Councillors pledge to protect Plymouth Airport site
Flights from Plymouth airport stopped in July 2011. Councillors have pledged to protect Plymouth’s former airport from future development by using planning powers and by lobbying the government. A company called Sutton Harbour has a 150 year lease on the site, and closed the airport in December, saying it was no longer financially viable. It has issued its “vision” for an urban centre which includes housing, shops, a primary school and nursing home, public spaces and a theatre venue. The airport site is protected until 2021. The council wants the site protected for airport use in future, and wants government intervention to prevent other use. But the council does not have money to subsidise it. A group of businesspeople called Viable believes the airport has a commercial future as an airport.
24 September 2012 (BBC)
Councillors have pledged to protect Plymouth’s former airport from future development by using planning powers and by lobbying the government.
Tudor Evans, leader of the Labour-run council said he would write to the prime minister asking for government intervention.
Sutton Harbour Holdings closed the airport in December, saying it was no longer financially viable.
A 37,000-signature petition calling for it to be reopened was debated.
The petition was organised by Viable, a group of businesspeople who believe the airport has a commercial future.
Mr Evans said while he wants the city to have an airport, the council does not have the money to subsidise it.
The airport site is protected until 2021, but earlier this month Sutton Harbour issued its “vision” for an urban centre which includes housing, shops, a primary school and nursing home, public spaces and a theatre venue.
The developer holds a 150-year lease for the site.
But Mr Evans said the council would work on the basis that the site would remain an airport “until every possible opportunity has been exhausted”.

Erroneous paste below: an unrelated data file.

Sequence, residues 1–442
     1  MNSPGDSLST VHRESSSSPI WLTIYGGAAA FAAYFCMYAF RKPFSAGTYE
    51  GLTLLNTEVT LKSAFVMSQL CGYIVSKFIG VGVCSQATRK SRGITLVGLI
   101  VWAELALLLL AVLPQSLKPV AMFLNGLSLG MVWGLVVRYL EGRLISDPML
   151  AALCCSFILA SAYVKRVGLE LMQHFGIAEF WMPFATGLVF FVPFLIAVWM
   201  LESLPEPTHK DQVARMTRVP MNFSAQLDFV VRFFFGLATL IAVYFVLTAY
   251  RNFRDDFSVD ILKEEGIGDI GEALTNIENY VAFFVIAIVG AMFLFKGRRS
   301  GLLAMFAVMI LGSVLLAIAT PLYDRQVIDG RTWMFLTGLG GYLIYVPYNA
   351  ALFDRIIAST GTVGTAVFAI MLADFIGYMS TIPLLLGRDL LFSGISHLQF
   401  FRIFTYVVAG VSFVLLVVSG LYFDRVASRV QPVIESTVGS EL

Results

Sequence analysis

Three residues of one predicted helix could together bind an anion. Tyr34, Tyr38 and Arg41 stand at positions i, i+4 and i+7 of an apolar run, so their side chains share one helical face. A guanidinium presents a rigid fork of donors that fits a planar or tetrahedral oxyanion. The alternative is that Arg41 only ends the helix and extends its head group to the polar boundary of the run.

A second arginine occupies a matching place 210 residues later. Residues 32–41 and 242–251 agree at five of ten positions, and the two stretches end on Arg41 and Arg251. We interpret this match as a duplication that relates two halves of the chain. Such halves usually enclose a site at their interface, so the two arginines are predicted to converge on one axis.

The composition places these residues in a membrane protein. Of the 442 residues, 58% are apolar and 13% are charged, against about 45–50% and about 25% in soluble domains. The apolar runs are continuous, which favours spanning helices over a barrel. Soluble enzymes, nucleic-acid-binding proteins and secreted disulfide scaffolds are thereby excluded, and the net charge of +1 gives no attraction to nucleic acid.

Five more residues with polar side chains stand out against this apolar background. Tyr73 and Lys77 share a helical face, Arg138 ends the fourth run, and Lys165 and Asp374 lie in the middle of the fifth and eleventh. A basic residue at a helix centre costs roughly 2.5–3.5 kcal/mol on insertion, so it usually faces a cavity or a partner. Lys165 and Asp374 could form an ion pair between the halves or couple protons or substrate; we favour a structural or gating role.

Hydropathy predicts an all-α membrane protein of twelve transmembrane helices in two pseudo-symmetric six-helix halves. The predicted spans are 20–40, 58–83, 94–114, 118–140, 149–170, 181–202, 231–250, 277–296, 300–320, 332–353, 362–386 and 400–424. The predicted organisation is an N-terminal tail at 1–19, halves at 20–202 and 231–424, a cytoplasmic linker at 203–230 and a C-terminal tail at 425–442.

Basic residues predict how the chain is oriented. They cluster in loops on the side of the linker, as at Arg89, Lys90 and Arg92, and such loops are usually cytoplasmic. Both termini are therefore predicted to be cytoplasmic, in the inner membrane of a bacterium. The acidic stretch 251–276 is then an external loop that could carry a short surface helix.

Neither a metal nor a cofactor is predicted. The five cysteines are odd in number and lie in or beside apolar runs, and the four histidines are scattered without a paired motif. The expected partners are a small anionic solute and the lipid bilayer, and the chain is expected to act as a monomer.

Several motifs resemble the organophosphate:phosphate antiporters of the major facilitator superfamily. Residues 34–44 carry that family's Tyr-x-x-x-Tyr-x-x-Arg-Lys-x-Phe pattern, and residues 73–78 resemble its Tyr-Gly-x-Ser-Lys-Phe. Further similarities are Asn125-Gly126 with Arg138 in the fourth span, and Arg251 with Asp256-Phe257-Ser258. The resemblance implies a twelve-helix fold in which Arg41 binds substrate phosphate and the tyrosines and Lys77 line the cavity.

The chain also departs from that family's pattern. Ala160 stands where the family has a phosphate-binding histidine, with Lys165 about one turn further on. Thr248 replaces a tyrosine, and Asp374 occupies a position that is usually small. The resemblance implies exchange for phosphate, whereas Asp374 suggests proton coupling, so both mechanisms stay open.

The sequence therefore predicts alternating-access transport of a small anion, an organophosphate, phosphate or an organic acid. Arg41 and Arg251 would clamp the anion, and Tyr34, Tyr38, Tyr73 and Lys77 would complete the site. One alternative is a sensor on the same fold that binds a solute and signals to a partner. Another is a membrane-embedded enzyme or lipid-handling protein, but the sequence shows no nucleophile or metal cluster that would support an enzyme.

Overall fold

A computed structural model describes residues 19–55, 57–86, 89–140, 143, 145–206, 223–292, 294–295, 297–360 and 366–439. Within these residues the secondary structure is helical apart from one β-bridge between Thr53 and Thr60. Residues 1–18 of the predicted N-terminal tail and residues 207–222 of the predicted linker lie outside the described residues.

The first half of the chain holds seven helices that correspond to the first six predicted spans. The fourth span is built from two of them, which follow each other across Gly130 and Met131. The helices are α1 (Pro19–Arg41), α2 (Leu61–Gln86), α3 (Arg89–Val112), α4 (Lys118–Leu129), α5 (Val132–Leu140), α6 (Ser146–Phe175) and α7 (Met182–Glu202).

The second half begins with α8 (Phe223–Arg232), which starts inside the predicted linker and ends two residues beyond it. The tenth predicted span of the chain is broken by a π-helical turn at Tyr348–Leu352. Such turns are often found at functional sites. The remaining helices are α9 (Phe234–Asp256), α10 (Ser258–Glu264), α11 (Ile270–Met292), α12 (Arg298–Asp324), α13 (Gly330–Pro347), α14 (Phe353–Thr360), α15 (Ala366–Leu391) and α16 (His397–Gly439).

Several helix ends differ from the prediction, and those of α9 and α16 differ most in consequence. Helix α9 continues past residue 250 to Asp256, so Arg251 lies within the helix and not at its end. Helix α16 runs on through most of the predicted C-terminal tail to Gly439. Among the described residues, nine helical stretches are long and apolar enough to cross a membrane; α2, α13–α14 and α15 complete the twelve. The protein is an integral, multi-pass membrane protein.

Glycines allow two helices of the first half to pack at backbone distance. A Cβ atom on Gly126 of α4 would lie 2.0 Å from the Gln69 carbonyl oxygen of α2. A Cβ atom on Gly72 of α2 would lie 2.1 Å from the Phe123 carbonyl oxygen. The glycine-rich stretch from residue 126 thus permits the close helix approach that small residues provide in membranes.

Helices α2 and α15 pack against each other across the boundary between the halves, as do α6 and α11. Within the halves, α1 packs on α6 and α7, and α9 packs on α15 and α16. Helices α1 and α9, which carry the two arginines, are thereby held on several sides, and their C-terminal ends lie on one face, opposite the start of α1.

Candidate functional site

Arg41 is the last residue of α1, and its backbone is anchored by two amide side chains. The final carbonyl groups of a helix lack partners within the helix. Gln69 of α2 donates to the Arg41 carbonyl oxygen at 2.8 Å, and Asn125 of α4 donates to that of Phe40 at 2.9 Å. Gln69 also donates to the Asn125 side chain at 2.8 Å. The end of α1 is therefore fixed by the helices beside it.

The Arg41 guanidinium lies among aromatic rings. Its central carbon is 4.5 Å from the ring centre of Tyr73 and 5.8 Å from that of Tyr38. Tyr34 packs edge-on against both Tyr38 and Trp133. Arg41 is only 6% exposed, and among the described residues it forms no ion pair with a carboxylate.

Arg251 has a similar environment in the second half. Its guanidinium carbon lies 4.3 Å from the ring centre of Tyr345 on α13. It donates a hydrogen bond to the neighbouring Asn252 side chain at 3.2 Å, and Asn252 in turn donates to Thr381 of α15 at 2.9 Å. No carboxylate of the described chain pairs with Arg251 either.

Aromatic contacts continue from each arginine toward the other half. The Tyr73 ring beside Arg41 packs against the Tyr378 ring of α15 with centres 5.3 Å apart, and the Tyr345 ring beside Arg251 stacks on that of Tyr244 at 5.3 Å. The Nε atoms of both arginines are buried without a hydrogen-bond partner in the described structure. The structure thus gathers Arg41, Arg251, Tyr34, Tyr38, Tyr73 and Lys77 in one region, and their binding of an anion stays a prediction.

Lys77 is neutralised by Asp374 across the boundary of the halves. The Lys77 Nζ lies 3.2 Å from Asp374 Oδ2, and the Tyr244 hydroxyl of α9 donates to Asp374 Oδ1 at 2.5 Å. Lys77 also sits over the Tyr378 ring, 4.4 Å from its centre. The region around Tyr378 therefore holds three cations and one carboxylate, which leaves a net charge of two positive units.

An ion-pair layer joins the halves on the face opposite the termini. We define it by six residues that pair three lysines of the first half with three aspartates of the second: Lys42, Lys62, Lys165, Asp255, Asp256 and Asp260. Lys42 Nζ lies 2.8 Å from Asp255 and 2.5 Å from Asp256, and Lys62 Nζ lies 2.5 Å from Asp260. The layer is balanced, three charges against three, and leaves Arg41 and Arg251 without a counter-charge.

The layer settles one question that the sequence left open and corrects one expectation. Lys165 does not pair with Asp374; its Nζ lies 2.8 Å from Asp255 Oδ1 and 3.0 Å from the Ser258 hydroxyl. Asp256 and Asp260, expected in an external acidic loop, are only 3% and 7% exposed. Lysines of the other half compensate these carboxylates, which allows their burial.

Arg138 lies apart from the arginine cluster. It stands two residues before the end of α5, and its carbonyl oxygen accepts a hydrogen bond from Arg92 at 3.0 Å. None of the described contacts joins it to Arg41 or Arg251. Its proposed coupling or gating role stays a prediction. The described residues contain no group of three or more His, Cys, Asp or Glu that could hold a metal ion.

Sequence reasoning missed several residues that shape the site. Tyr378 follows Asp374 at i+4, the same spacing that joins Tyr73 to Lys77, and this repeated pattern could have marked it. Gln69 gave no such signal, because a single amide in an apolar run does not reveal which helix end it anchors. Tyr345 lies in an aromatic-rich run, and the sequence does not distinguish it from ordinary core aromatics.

He said: “We are asking people in Plymouth to show their support for government intervention to make the airport a national asset to help it open again for commercial air services.
“I will be sending a letter to the prime minister on behalf of the people of Plymouth asking him to make this happen.
“We recognise that it is not possible to protect the airport land for ever, but we will use our planning powers to protect the airport from development for as long as legally possible.”
Viable, which claims an airport is vital for transport and business links, said the number of signatures on the petition proved the people of Plymouth also wanted one.
The group said it had “credible and workable” proposals for the airport, which will be announced soon.
Flights to and from the airport stopped in July 2011.
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“Viable” urge council to buy Plymouth City Airport lease
Viable Group, which is an American investment advisor located in Texas, hopes to reopen Plymouth City Airport, and wants Plymouth City Council to buy back the lease for the site. Viable Group claims its five-year plan could see 500,000 passengers using the airport afer 5 years if owners, Sutton Harbour Group (SHG), would sell the lease. Sutton bought the 150 year lease from the council in 2000. Plymouth City Council said it supported the idea in theory. Some of the land at the airport has already been earmarked for a £38m housing project. Viable wants to start off with charter services, and then go to scheduled daily domestic flights using two 19-seater planes. Then they want a 40-metre extension to the runway, allowing 90-seater jets to connect Plymouth to Europe.